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Despite spending a fair amount of time in that area of Adams Morgan, I had never gone (or even thought of going) to Cashion's until last night. A couple friends and I had an extensive meal that was very very good. The play-by-play follows, but forgive me for forgetting the details of what each dish was called:

split a couple appetizers:

lamb short ribs (not sure if that's right): good but nothing to write home about

exotic mushrooms with cornmeal cake (not sure that's exactly right): almost stole the entire show. incredibly tasty, perfect balance, and the texture of the cornmeal thing was excellent: soft and creamy inside, lightly seared and crispy on the outside. a delight.

new orleans filé gumbo: moderately spicy, with good chunks of seafood. please sir, may i have some more?

hanger steak with broccoli and potatoes au gratin: the hanger steak was amazing. perfectly cooked to medium rare, and an absolute delight. The broccoli was a complete afterthought, but the potatoes weren't bad. Just hard to stand up to such a beautiful steak.

cheese plate - some very good cheese, a nice way to wrap up the meal

port - i don't remember what kind it was, but they only had one on offer, and it was very disappointing. I really like a glass of port, especially with a cheese plate, and what we got was a thin, overly-boozy version.

All in all, a top-notch meal. The steak and the mushroom appetizer were the highlights, but everything was well-executed and the service was impeccable. Now, if only the beer selection wasn't so terrible (no draft lines, 4 in bottles: bud, heineken, amstel light, and redhook ESB, the only acceptable choice)...

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The rumors about an impending - or perhaps even completed - sale here are becoming credible. Can anyone confirm?

Cheers,

Rocks.

Could this be the "big name chef leaving" news that Sietsema has been hinting about in his chat for a month?

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Could this be the "big name chef leaving" news that Sietsema has been hinting about in his chat for a month?

No, no, no. Just last night I saw a large "Restaurant Lease" sign on the Childe Harold. I'm sure this is what Tom has been hinting at. What place could possibly be more beloved than the Childe?

( :lol: )

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Saturday at Cashion's I asked about the rumors. I was not given a completely direct answer about a sale but was told that they were not closing. We had an early dinner with great service by George at the bar. They had steaks of various cuts on the menu which seemed unusual for Cashions so we decided to give it a try. The offered a strip, Delmonico, porterhouse and ribeye. The porterhouse and ribeye we were told could be shared. We ended up with the Delmonico. We ordered medium rare but the steaks were almost raw in places and were so difficult to cut we finally gave up. The people next to us with a strip and the ribeye had the same problem. We didn't complain (I know, we should have). Our bottle of wine, Frog Leap 04 Red Zin was very good. Desert was a shared ginger cake that was delicious. We took most of our steak home and fed the dog. It was our first disappointing meal at Cashions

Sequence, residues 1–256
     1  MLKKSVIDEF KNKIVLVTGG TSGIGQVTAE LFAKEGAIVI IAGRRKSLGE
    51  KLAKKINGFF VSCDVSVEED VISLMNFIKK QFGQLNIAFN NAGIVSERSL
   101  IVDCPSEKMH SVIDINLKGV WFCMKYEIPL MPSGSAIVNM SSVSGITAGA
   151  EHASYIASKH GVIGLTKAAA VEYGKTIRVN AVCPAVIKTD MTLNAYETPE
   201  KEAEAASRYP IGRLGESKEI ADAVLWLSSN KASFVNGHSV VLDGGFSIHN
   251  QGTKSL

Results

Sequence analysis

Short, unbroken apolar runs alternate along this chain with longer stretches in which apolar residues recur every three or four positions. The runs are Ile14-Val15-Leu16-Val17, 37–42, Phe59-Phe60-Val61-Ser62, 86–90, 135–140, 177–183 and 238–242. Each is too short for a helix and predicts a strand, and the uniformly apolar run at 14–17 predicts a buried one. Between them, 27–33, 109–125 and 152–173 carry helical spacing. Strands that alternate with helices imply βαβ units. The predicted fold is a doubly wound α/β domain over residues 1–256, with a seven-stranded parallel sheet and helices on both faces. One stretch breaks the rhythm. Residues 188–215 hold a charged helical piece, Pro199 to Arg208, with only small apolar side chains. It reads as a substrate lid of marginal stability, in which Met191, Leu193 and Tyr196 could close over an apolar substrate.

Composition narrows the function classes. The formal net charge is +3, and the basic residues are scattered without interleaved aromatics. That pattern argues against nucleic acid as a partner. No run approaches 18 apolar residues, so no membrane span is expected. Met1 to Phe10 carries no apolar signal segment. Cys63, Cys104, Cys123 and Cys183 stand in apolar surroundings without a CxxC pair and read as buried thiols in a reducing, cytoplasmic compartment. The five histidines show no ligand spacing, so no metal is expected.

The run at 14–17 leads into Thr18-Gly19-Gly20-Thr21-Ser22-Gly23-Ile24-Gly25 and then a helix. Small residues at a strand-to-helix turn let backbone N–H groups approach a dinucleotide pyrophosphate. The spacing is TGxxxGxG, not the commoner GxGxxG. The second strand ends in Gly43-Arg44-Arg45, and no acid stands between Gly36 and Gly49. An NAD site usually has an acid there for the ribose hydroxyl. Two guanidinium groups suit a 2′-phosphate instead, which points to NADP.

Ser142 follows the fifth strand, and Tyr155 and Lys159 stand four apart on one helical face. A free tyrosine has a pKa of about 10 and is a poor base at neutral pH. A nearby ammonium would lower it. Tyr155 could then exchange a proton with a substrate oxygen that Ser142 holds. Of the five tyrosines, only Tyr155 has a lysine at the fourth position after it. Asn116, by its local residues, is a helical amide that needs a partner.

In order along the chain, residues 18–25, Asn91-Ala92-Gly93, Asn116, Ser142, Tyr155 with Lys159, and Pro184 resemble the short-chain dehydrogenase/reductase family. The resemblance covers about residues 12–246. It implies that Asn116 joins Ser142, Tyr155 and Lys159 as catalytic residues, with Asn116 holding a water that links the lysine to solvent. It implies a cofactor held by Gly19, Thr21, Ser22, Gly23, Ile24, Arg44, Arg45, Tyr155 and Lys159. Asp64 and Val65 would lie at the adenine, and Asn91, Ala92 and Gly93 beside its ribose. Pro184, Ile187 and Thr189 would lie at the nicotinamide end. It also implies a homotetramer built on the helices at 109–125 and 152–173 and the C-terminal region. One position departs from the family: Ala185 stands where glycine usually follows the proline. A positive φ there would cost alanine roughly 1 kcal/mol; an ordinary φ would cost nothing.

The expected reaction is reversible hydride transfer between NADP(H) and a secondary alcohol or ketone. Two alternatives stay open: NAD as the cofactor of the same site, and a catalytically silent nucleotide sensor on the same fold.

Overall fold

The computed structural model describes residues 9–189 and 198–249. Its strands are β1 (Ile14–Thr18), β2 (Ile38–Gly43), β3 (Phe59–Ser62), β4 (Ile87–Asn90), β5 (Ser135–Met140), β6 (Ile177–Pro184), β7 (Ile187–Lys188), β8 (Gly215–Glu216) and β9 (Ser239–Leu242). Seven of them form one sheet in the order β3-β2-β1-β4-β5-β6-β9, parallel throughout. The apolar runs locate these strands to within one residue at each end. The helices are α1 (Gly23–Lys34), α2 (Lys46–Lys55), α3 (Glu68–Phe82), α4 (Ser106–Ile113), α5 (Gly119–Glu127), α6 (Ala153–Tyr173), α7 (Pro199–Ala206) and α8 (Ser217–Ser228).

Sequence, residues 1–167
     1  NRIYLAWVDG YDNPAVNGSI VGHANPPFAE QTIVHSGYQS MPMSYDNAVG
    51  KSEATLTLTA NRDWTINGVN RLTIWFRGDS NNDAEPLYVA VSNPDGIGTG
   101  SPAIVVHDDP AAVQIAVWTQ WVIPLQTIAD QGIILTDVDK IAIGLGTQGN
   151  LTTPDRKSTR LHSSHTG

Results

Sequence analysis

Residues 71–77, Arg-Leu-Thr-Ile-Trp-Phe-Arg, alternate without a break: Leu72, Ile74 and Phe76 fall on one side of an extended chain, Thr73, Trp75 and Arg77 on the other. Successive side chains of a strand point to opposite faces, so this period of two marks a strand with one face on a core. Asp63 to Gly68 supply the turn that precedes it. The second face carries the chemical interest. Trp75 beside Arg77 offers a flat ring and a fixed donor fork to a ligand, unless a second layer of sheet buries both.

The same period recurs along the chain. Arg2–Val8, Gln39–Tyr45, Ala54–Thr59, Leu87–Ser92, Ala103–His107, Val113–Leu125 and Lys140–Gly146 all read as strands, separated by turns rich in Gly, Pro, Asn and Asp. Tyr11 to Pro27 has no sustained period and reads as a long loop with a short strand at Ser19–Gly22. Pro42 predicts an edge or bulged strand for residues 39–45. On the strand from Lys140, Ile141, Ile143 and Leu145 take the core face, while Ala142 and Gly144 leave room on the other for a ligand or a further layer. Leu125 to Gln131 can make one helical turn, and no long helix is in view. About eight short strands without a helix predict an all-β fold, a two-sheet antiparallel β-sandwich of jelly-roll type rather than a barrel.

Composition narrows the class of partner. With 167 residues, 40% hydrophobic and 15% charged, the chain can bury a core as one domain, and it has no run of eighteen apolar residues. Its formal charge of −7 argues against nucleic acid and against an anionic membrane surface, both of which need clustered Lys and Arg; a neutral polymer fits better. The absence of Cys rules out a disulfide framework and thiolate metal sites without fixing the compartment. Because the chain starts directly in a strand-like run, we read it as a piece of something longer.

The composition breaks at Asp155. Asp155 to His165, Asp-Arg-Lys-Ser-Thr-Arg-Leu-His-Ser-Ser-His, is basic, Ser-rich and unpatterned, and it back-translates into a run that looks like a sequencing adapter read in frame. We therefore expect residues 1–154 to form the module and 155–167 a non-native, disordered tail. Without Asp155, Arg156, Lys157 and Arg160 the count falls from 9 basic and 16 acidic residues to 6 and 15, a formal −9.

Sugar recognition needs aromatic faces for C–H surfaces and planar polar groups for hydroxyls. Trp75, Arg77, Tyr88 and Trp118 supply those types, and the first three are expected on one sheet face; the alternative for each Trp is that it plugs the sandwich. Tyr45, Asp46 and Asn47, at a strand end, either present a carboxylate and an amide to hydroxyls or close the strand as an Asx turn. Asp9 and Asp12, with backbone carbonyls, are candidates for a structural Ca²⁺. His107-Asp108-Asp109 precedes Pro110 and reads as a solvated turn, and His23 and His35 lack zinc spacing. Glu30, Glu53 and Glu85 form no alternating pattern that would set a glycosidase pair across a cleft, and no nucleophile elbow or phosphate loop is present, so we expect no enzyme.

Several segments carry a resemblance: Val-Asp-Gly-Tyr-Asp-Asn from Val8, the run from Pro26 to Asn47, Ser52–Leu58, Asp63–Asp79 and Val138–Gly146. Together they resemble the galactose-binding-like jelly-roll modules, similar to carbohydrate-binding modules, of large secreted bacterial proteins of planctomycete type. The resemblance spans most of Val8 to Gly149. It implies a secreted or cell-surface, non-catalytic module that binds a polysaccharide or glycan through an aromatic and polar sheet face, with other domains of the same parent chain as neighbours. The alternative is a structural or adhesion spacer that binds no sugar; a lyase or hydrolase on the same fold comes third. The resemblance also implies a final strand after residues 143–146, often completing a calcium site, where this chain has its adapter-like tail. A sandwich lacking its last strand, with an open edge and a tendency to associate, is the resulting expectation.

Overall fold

By the way Geroge will be out for a while for hip surgery. Best wishes for a quick recovery.

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My last two meals at Cashion's have been *sigh* lame. I keep going back trying to recreate the "wow!" meal described upthread, but the two recent experiences have really missed the mark. And the total price of the meal (with a good deal of wine by the glass) makes it a bit unpleasant for me, who is trying to sock away some cash. YMMV.

My friend and I dined at the bar, chosing to share an appetizer of tubetti pasta al forno with bechamel, braised beef and pork. The portion was on the large size of moderate and it's a rich dish so sharing was a good thing. Reminiscent of Dino's lasagnette, it's a hearty, tasty thing; not delicate or thought provoking. We sent the dish back to the kitchen wiped clean.

My friend ordered the steelhead (described as a hybrid between salmon and trout) and at Billy's suggestion, I ordered the braised lamb dish. We were both underwhelmed and of the two of us, I was the more disappointed of the two of us. Although the grilled haricot verts were fabulous--it was at Cashion's that I decided French green beans are one of my favorite vegetables (and I'm really no lover of vegetables)--and the sweet potato ginger gratin was ok, the lamb was awful. I tried to decide if it was simply not to my taste or what and decided that "no, this really isn't good." It was tough and the preparation was just too sweet. As it cooled, the meat became tougher and the sauce grew increasingly cloying.